How to detect a Brain Aneurysm

It is a bulge or ballooning in a blood vessel in the brain, which often looks like a berry hanging on a stem.

A brain aneurysm can leak or rupture, causing bleeding into the brain (hemorrhagic stroke). Most often a ruptured brain aneurysm occurs in the space between the brain and the thin tissues covering the brain and we call it a subarachnoid hemorrhagic stroke.

What are the effects of a brain aneurysm?

A brain aneurysm may not cause any symptoms unless it ruptures, but in some cases, it can show the following signs:

  • Visual disturbances
  • Pain above or around the eye
  • Numbness or weakness in the face
  • Difficulty speaking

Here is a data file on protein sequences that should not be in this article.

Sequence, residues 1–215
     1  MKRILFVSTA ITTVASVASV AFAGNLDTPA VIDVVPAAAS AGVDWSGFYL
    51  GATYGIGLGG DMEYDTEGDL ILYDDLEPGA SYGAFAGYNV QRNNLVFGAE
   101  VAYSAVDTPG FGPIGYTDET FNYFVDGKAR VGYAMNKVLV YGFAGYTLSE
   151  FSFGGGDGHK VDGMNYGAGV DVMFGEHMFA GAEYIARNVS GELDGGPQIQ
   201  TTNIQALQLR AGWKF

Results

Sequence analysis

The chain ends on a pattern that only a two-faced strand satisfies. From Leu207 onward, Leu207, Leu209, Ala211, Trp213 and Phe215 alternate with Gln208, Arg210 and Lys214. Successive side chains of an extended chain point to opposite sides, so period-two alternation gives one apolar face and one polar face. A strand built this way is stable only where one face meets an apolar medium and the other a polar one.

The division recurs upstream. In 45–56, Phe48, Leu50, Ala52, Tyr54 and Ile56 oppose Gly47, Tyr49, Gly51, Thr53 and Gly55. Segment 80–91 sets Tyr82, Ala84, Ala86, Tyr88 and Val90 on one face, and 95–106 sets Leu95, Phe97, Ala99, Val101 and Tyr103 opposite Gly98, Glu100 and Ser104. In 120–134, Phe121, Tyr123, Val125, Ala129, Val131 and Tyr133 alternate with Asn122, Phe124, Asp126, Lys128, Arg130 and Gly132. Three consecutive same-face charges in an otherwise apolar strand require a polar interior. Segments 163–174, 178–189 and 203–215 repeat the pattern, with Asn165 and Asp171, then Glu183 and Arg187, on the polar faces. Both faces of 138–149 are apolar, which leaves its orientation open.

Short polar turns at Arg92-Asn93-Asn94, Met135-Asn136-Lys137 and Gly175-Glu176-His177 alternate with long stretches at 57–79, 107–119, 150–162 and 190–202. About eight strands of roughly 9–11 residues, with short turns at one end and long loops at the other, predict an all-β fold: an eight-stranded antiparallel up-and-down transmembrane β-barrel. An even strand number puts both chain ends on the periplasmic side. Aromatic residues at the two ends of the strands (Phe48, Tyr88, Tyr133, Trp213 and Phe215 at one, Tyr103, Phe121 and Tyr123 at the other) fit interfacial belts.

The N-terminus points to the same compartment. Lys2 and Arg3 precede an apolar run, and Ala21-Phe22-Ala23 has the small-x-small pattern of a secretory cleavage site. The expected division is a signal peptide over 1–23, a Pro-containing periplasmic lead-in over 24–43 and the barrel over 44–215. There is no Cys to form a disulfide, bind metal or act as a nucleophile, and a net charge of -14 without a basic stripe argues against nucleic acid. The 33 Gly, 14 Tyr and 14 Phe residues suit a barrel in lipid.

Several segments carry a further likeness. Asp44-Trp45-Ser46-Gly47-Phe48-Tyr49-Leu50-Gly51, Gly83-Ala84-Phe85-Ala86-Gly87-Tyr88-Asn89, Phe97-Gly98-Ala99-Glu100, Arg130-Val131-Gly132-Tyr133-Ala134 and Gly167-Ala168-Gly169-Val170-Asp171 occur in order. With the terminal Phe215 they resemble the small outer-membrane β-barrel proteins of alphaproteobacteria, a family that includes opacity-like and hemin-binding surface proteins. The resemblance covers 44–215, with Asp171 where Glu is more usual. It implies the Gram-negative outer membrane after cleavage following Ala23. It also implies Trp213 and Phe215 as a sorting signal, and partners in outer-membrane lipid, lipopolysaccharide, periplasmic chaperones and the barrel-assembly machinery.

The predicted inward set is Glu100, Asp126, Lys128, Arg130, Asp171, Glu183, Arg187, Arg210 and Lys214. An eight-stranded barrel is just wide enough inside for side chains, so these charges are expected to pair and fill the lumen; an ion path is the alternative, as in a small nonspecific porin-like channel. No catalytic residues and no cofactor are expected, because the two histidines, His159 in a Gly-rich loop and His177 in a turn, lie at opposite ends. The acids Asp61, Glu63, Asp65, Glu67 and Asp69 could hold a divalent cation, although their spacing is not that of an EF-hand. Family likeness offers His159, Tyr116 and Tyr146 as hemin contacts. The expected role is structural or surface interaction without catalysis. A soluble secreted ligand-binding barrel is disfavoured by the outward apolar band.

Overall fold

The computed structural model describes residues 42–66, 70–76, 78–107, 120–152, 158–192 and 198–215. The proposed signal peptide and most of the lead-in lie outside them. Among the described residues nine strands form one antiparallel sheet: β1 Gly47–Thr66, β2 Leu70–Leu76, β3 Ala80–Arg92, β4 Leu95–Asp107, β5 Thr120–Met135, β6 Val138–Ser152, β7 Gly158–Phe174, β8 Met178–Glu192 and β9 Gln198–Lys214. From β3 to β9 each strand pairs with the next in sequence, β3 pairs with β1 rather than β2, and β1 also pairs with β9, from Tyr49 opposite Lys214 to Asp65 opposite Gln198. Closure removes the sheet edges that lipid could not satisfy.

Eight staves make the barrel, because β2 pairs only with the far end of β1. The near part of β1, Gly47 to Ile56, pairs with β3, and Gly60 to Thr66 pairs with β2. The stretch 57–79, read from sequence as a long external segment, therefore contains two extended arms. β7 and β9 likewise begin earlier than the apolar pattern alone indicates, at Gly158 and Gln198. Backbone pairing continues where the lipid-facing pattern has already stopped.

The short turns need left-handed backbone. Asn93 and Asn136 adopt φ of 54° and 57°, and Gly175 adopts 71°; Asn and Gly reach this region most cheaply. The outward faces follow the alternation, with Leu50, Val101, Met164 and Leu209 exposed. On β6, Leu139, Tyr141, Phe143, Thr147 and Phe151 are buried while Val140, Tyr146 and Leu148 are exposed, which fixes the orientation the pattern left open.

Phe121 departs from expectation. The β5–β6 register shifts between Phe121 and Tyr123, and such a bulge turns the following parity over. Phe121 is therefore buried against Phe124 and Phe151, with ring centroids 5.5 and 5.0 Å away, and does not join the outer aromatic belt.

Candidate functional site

• Headaches
  • Balance problems
  • Difficulty concentrating
  • Problems with short-term memory

What causes brain aneurysms?

It’s not clear why a brain aneurysm forms. Researchers and neurosurgeons believe these factors irritate and weaken blood vessels:

How is a brain aneurysm diagnosed?

Your neurosurgeon will order a few imaging tests. These tests show the size, shape and location of brain aneurysms:

  • MRI (magnetic resonance imaging).
  • CT (computed tomography).
  • Diagnostic cerebral angiogram
  • MRA (magnetic resonance angiography).
  • CTA (computed tomography angiography).

How are brain aneurysms treated?

Surgery and/or endovascular therapy are the treatment for brain aneurysms, whether they are ruptured or unruptured.

A neurosurgeon treats brain aneurysms using a variety of methods, or a combination of methods, depending upon the type of aneurysm and the individual patient, which may include:

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